Crafty librarians

There are so many talented members of staff in our Library, so I wanted to share with you a mere tasting of the crafts that are being created this year:

Share the Joy

We would love to see your crafts, so why don’t you share a photo and tag us in Twitter, Instagram or Facebook, and use the hashtag #NULWinterCrafts2020.

I hope you have enjoyed our Winter Craft-along online blogs – Part 1 and Part 2 – and have found a pocket of time in your busy days to make something Wintery and Christmassy. I also hope it has inspired you to go out and discover other arts and crafts that you could make… because, remember, crafting is not just for Christmas 🙂

Winter Craft-along Online: Part 2

Winter Craft-along Online banner

As promised, here is our next instalment of Winter crafts – so glue guns at the ready for some more crafting antics.

As in our previous blog, we are embracing all things sustainable, and challenging you to make your crafts using materials found around the house. This time you will need an old jam jar, a pair of socks and some fruit!

Glass jar lanterns

For this one you will need an old, clean glass jar and some cheap PVA glue (the video says to use Mod Podge, but cheap PVA glue works just as good), tissue paper to decorate your jar and a tea light (real or battery operated). The video shows Christmas trees and snowflakes, but let your imagination run crazy – you could do a snowman, father Christmas, a snowy scene or a nativity. Really easy, but looks so effective, and who doesn’t love tea light lanterns when the nights are dark and cold.

No-sew snowmen

This is where your old (clean!) sock can be turned into a jolly snowman. For this you will need one white sock, some elastic bands or Loom bands, uncooked rice, 4-5 buttons (I bet you have some random buttons kicking about the house?), PVA glue, a bit of scrap ribbon or some wool for his scarf and then some more wool if you would like to make him a pom-pom for his hat. I am definitely going to have a go at making this – so easy, but looks so good.

Dried fruit garlands

I’ve been meaning to have a go at making these for ages, not only do they look good, but I bet it makes your house smell amazing! For this one you will need some citrus fruit – this can be oranges, limes, lemons, or even grapefruit – maybe you have some sitting in your fruit bowl that have seen better days and could be given a new lease of life? You can also use cloves and press them into the slices before you pop them in the oven, to make them smell so good. In the video is says the temperature in Fahrenheit – all of the blog and instructions I have read it just says to set your oven at the lowest temperature available on your oven. Cook low and slow and make sure you turn them over half-way through. You will also need string or twine to string them up. I have seen them on Christmas wreaths and as Christmas tree decoration – have a play and see what you can make with them.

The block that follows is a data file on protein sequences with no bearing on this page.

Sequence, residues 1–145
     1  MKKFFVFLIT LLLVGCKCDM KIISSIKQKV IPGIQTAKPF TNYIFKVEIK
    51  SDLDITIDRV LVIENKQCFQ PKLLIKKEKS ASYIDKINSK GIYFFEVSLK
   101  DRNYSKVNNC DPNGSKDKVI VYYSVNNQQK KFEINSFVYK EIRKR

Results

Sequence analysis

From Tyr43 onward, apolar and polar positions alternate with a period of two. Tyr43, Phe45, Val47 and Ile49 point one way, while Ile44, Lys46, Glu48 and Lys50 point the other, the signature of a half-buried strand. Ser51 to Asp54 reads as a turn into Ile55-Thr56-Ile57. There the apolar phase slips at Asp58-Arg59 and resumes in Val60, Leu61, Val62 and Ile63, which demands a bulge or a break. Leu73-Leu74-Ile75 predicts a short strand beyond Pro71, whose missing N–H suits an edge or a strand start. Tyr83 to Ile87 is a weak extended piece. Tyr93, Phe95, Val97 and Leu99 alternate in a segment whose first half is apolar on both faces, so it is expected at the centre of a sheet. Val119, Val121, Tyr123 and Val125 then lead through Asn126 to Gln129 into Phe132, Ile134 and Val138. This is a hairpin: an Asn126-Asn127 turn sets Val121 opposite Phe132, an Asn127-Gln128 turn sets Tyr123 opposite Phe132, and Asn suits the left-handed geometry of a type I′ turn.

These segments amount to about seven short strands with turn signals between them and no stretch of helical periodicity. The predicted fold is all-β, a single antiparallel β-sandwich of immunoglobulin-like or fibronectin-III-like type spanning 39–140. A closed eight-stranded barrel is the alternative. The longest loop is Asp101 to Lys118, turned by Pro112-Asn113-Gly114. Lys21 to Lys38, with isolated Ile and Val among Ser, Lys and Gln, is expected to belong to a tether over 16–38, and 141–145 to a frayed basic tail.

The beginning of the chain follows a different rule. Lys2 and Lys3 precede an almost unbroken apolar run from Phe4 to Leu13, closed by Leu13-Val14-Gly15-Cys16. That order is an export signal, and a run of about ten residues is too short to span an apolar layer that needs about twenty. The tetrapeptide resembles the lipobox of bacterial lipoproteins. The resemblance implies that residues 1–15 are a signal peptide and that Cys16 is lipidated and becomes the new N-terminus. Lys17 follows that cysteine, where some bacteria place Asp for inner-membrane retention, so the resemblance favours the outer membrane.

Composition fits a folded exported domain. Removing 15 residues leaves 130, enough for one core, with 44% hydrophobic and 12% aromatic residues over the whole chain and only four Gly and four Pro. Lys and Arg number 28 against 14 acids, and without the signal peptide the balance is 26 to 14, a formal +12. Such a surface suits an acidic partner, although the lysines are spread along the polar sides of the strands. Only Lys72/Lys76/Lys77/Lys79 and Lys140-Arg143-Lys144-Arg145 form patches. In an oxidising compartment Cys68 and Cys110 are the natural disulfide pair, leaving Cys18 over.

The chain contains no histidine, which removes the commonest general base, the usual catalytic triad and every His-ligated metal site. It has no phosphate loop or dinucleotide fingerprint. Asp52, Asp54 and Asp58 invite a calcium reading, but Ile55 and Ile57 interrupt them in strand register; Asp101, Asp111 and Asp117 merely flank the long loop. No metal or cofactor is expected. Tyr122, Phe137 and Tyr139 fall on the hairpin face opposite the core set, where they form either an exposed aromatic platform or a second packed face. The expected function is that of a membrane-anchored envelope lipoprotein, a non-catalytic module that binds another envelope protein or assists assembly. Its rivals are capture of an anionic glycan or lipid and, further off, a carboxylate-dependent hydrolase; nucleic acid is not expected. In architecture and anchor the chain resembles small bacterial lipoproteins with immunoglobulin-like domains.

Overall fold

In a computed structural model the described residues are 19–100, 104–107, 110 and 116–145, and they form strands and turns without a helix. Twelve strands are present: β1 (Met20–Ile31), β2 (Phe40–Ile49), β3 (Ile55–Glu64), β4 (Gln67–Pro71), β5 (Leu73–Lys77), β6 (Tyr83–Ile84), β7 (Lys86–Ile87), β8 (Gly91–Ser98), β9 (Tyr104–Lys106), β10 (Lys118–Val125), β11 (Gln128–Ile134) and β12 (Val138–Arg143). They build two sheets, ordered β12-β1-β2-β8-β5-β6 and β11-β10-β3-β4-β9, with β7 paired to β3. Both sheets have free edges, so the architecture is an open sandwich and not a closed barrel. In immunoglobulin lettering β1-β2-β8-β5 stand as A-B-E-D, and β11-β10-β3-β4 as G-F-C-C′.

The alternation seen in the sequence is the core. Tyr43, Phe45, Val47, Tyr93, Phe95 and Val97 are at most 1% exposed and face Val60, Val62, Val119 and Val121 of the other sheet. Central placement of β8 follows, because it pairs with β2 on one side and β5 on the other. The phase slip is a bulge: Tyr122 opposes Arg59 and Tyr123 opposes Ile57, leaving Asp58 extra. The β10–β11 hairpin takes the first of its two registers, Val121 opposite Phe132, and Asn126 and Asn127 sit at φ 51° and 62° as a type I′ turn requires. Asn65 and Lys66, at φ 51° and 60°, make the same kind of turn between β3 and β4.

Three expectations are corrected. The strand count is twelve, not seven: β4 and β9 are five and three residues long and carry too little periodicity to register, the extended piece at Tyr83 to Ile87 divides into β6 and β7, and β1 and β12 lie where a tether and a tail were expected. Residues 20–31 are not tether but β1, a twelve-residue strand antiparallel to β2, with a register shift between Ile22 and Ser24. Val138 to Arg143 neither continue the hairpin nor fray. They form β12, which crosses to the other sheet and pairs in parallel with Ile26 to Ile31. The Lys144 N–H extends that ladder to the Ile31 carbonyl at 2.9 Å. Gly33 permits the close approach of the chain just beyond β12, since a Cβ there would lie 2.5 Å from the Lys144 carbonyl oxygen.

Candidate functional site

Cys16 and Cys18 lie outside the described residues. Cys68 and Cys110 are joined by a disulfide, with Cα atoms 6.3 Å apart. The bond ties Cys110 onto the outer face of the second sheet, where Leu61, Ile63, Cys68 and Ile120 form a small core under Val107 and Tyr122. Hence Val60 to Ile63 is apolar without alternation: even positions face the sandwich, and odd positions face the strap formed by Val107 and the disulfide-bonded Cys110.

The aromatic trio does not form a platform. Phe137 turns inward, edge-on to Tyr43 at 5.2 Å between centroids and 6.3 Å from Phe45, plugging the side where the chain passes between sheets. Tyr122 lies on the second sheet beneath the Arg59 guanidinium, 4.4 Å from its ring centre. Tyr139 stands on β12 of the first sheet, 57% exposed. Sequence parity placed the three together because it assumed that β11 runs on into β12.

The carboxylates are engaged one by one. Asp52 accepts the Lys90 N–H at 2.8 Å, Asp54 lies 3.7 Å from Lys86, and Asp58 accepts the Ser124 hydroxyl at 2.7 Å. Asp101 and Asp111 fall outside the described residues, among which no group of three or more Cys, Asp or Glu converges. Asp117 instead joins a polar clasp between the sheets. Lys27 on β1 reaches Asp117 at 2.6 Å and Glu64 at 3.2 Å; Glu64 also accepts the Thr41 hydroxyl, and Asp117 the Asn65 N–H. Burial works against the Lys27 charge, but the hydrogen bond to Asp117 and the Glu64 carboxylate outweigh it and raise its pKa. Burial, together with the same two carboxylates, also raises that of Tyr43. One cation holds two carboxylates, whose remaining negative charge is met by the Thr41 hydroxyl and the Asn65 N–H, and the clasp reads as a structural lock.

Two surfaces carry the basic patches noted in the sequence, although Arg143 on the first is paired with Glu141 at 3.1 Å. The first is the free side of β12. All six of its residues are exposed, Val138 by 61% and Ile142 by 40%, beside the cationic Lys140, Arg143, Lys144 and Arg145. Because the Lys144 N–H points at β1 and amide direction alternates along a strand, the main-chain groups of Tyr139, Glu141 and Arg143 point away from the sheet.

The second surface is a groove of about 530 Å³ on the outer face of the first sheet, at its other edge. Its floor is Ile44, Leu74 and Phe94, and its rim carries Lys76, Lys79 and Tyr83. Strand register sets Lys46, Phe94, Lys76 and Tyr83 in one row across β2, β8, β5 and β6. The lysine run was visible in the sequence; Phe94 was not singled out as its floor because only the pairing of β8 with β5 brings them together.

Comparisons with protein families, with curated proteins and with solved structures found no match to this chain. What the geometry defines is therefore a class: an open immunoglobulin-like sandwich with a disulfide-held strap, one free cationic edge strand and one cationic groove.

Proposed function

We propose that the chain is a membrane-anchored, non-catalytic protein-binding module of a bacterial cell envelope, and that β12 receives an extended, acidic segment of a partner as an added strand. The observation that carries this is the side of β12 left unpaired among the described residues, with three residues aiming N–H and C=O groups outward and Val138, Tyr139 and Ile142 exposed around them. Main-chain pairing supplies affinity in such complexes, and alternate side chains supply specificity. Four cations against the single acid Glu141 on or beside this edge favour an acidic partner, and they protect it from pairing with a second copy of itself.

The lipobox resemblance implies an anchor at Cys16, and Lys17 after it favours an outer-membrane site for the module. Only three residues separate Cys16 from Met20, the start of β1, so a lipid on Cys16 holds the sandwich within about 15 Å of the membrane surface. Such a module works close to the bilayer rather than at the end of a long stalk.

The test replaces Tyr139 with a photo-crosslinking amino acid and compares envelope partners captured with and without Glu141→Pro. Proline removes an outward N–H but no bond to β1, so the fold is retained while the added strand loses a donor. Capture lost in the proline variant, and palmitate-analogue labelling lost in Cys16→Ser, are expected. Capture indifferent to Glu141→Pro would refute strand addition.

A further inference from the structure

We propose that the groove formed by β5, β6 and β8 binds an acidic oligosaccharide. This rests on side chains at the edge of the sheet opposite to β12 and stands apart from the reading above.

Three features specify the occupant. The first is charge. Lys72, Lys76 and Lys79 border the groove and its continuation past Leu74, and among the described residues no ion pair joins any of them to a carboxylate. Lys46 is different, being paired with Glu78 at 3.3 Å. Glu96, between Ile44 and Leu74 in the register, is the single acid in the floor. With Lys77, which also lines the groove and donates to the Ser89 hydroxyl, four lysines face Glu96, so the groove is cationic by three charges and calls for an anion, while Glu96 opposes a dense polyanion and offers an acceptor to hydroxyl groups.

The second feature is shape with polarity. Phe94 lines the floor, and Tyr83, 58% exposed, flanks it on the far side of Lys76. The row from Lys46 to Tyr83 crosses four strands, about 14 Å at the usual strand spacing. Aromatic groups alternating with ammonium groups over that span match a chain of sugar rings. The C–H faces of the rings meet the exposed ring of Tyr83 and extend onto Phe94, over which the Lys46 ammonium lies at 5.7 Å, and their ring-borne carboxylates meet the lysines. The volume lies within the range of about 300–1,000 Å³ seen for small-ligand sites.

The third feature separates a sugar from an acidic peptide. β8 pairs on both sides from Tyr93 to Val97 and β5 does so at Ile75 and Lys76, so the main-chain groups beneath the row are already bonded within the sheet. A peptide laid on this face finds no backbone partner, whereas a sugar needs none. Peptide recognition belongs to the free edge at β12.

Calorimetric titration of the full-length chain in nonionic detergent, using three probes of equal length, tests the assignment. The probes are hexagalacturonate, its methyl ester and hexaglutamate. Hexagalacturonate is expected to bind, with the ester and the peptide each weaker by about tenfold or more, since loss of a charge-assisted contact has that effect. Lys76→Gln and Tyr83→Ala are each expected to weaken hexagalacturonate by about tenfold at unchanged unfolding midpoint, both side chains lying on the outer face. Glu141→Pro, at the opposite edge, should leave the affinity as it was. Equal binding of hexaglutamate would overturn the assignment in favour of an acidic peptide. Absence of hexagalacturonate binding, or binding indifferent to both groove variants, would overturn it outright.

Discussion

Share the Joy

We would love to see your crafts, so why don’t you share a photo and tag us in Twitter, Instagram or Facebook, and use the hashtag #NULWinterCrafts2020.

Look out for our final blog with a couple more crafts for you to try and inspiration from our Library staff.

Books added to the Library by students in GPS (Semester One 2020/21)

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Our Recommend a Book service for students allows you to tell us about the books you need for your studies. If we don’t have the books you need, simply complete the web form and we’ll see if we can buy them. For books we already have in stock, if they are out on loan please make a reservation/hold request using Library Search.

Further information about Recommend a book.

In Semester One, academic year 2020/2021 we received 193 requests from 77 students totalling £13,529 worth of book orders. We bought the following items after requests from students in GPS:

Books added to the Library by students in SAPL (Semester One 2020/21)

This image has an empty alt attribute; its file name is books-1245690_1280-1024x682.jpg

Our Recommend a Book service for students allows you to tell us about the books you need for your studies. If we don’t have the books you need, simply complete the web form and we’ll see if we can buy them. For books we already have in stock, if they are out on loan please make a reservation/hold request using Library Search.

Further information about Recommend a book.

In Semester One, academic year 2020/2021 we received 263 requests from 97 students totalling £17,343 worth of book orders. We bought the following items after requests from students in SAPL: